DCSIMG

Review: Grim, gritty, yet full of energy and emotion

The cast of Hippodrome Youth Theatre's production of Les Miserables

The cast of Hippodrome Youth Theatre's production of Les Miserables

Les Mis is really the last Broadway musical you’d expect someone to adapt for children to perform.

The Hippodrome Youth Theatre took on an enormous challenge and from the start of this production it was youth theatre at its finest, writes Claire Mortimer.

As grim and gritty as any adult presentation, this adaptation loses nothing in using children to tell the tale. In fact, the youth may deliver a stronger emotional punch because of their energy and spirit.

Max Anderson’s presence as the lead character, Jean Valjean, captured the essence of this beautiful musical: forgiveness, love, sacrifice.

As he aged before our eyes, this young man brought a performance that I wouldn’t have thought possible from someone of his age.

Tom Howard as Javert makes you hate him and then feel sorry for him, as only a truly fine actor can, and owns the stage. His suicide scene was chilling.

“I Dreamed A Dream” was beautifully sung by Jessica Clarkson; the maturity and depth of her voice was truly moving. When Fantine turns to prostitution to save her daughter, her anguished cry, “Don’t they know they’re making love to one already dead?” conveys every bit of her shame.

From the powerful vocals and acting of Eponine (Rosie Crowther), the grotesque yet hilarious interpretation of Madame and Monsieur Thenardier (Elizabeth Sutcliffe and Paul Robinson), to the velvet voice of Marius (Tom Heys) and the soothing voice and chemistry of Cosette (Madeline Jefferson), this was a musical production I will never forget.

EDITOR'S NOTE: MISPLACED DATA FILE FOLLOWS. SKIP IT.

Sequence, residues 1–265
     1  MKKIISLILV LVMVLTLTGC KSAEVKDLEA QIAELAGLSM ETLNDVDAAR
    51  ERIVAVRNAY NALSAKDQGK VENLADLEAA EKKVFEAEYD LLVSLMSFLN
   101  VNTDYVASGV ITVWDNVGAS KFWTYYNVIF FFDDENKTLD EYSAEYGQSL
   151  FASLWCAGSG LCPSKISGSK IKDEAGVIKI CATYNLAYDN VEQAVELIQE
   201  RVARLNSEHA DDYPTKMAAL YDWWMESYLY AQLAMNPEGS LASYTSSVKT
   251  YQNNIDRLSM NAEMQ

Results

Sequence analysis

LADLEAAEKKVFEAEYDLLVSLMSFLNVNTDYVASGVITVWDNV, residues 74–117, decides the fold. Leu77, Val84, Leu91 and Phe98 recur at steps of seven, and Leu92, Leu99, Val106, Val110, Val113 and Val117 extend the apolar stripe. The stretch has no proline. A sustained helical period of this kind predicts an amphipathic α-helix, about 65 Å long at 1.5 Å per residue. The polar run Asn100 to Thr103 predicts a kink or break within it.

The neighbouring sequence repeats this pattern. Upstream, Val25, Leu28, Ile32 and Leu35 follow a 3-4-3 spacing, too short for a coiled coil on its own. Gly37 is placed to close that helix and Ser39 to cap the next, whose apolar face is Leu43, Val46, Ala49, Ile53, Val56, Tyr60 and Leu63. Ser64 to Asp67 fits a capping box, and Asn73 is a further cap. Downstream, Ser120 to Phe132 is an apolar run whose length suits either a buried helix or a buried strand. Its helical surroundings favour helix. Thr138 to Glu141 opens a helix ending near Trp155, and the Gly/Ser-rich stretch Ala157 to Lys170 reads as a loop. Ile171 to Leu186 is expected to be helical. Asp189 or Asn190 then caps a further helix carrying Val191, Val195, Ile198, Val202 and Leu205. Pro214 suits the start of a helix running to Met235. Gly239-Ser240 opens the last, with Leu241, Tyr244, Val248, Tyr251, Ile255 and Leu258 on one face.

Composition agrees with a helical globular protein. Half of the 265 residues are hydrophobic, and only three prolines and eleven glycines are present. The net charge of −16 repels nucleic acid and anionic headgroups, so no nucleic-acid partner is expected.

I fear if I don’t mention everyone that Javert will have me clapped in irons and thrown in jail - but every performance was spectacular.

Director Martin Cook and all the members of the youth theatre should be incredibly proud of what has been achieved.

The impressive and inventive set design would be the envy of any professional show. I cannot believe that all of the amazing costumes were designed and made by the team at the Hippodrome and not hired.

Musical director Helen Clarkson’s marvellous orchestra performed the difficult score as beautifully as the cast sang it.

I was blown away by what I saw on stage at the Hippodrome and I believe “Stars, in their multitudes,” are what this show has in abundance. It runs until Saturday.

 

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